How can I stop using 'git commit -a'?

I confess that sometimes I use git commit -a

when I shouldn't. It was getting a reflex about half the time, often when I think I am working in separate repositories, but I am actually working in a lot more that will affect directories far and wide.

Is it possible to specify a parameter .git/config

that will cause the error -a

to trigger the error?


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3 answers

Is there a .git / config parameter I can specify that will result in the -a error for the error?

Not that I know.

You will need a git wrapper that will check the arguments (" commit

", " -a

", ...), and on a specific command, "commit -a" will throw an error.

The Jubobs ' script (mentioned in the comment above ) is a good example of such a shell.



Thanks to VonC, I hacked into the function I got stuck in my rc file:

git() {
    if [[ ($1 == "add") || ($1 == "stage") || ($1 == "commit") ]]; then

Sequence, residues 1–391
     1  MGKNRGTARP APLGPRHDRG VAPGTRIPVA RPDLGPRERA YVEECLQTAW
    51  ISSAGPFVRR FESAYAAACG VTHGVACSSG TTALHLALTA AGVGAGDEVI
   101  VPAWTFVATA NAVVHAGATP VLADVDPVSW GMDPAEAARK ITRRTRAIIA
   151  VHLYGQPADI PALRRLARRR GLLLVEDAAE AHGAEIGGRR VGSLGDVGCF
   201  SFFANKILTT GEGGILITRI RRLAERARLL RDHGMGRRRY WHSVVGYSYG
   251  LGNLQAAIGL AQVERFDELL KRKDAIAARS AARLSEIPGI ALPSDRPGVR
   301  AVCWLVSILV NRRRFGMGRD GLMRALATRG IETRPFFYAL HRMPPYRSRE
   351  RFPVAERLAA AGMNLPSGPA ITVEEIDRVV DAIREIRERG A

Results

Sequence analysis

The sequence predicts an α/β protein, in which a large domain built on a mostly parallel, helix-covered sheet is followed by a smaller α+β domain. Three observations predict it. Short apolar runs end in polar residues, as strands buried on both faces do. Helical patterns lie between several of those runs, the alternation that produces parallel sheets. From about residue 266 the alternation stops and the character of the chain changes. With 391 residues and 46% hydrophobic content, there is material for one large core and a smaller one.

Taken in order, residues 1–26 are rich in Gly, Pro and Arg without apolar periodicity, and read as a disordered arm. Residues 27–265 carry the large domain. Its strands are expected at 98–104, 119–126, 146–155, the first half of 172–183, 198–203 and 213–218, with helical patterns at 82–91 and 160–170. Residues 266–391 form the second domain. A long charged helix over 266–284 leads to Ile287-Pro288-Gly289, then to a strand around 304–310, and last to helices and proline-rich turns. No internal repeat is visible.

if [[ $@ == *-a* ]]; then
            echo "Don't use 'git $1 -a'.";
            command git "$@";
        command git "$@";




No, there is nothing in the git config that will do this. However there is a solution and git is hooks.

Git hooks are scripts that are executed before or after a git command is executed - for example, there is a hook that doesn't remove your commit if there is no commit message. So you can write a costum hook for your needs, which falls when the commit is sloppy.

However, personally I would not mind, but rather show an additional hint (for example, "Are you sure?" Y / N). Think about it, do you really want to block functionality forever?

More information:

Good luck!



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